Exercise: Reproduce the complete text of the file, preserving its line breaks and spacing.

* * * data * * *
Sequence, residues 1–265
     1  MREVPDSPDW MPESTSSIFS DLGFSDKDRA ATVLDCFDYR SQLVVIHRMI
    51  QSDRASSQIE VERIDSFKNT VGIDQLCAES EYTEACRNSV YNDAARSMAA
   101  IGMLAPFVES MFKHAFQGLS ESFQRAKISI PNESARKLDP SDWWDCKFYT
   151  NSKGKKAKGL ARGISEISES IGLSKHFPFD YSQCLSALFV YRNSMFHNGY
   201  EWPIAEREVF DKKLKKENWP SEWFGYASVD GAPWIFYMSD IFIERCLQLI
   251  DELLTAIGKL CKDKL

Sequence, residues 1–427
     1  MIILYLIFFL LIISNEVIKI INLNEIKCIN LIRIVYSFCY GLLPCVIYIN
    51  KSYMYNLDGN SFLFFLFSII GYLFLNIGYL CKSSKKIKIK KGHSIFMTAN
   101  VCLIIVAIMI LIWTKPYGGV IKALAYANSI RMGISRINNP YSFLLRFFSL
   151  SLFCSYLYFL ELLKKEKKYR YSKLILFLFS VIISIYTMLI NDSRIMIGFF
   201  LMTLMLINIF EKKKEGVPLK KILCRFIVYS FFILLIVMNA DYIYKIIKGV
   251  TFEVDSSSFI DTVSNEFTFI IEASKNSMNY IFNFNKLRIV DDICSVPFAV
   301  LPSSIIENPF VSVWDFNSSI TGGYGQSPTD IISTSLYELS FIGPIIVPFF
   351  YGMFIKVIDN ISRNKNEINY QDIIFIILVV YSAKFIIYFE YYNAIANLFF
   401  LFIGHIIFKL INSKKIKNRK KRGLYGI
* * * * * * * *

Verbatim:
Sequence, residues 1–265
     1  MREVPDSPDW MPESTSSIFS DLGFSDKDRA ATVLDCFDYR SQLVVIHRMI
    51  QSDRASSQIE VERIDSFKNT VGIDQLCAES EYTEACRNSV YNDAARSMAA
   101  IGMLAPFVES MFKHAFQGLS ESFQRAKISI PNESARKLDP SDWWDCKFYT
   151  NSKGKKAKGL ARGISEISES IGLSKHFPFD YSQCLSALFV YRNSMFHNGY
   201  EWPIAEREVF DKKLKKENWP SEWFGYASVD GAPWIFYMSD IFIERCLQLI
   251  DELLTAIGKL CKDKL

Sequence, residues 1–427
     1  MIILYLIFFL LIISNEVIKI INLNEIKCIN LIRIVYSFCY GLLPCVIYIN
    51  KSYMYNLDGN SFLFFLFSII GYLFLNIGYL CKSSKKIKIK KGHSIFMTAN
   101  VCLIIVAIMI LIWTKPYGGV IKALAYANSI RMGISRINNP YSFLLRFFSL
   151  SLFCSYLYFL ELLKKEKKYR YSKLILFLFS VIISIYTMLI NDSRIMIGFF
   201  LMTLMLINIF EKKKEGVPLK KILCRFIVYS FFILLIVMNA DYIYKIIKGV
   251  TFEVDSSSFI DTVSNEFTFI IEASKNSMNY IFNFNKLRIV DDICSVPFAV
   301  LPSSIIENPF VSVWDFNSSI TGGYGQSPTD IISTSLYELS FIGPIIVPFF
   351  YGMFIKVIDN ISRNKNEINY QDIIFIILVV YSAKFIIYFE YYNAIANLFF
   401  LFIGHIIFKL INSKKIKNRK KRGLYGI